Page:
replanting a grape vine
I’ve been impressed often enough at the combinatoric availability of documents and especially videos on the web for even the most specific of the nearly limitless tasks one can do, that I’m at least mildly disappointed when I can’t find one that I need. By combinatoric, I mean that one is able to have highly specific questions answered in a user-friendly manner, implying that variations of those questions might also have answers. For example, I recently wanted to change the struts on our 18 year-old minivan, and found a walk-through video on Youtube for our particular model, complete with annotations of specific tools I’d need. (That video saved me $500 and I was quick to send “Fix It Angel” a token of my appreciation). When Google or Youtube fail to deliver I sometimes have this gnawing feeling that maybe I should add to this wealth of information instead of just taking from it, so what follows is my small contribution.
I am building a pergola at my rear property boundary to lend some privacy and provide a structure for grape vines, and had made what seemed to me a mistake of planting one of the vines in a small cavity in the alley wall, which I feared would limit its growth. Poking around was inconclusive about whether a Zone 7b one year-old grape vine about five to seven feet in length could be safely moved once in full leaf bloom. But it seemed to me that it could be done if one took care to carefully dig out the roots, and I am happy to report that this is in fact the case.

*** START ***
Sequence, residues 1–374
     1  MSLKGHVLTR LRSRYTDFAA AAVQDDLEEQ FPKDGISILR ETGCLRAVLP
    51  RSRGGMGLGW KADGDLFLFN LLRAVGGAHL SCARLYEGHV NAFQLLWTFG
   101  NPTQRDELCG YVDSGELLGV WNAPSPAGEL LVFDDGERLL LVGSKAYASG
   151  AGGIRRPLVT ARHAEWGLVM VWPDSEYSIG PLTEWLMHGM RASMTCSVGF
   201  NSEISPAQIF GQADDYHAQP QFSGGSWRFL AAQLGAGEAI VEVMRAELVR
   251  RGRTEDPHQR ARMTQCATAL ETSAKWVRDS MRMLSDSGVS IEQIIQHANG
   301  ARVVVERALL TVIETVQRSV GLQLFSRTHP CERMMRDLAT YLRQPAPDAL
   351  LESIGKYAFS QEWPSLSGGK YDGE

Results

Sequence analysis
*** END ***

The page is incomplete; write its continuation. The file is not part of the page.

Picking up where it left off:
- I took great care to gently dig out as many of the roots as I could, particularly what I thought of as the smaller “capillary” roots. This required me to follow many branches along and dig out fairly deep. I did break a few of them, including one that I didn’t want to bother going too deep with.
- The root ball was out of water for maybe half an hour. I dug a big hole and put down a layer of good bag soil, then laid out the roots, covered them with more soil, and doused everything with water. Were I to do this again, I’d soak it in a bucket or cover it in damp rags to minimize the dry time.
- After transplanting, the leaves were all limp within four hours. I covered the whole vine with a tarp, on the idea that until the roots could adjust and supply enough water, it would be best to keep the hot sun off them.
- I poured about 2–3 gallons of water over the roots twice a day for two days afterward.
Two days later, the leaves had recovered their zest, and I only lost a few of them.
So the answer is, yes, you can transplant a one year-old grape vine in full bloom in USDA Zone 7b and recover within a day or two provided you preserve most of the roots, shield the leaves, and douse regularly in water.
[Update: it seems I didn’t look hard enough, as my-grape-vine.com has this covered, so consider this a corroboration.]
©2017 Matt Post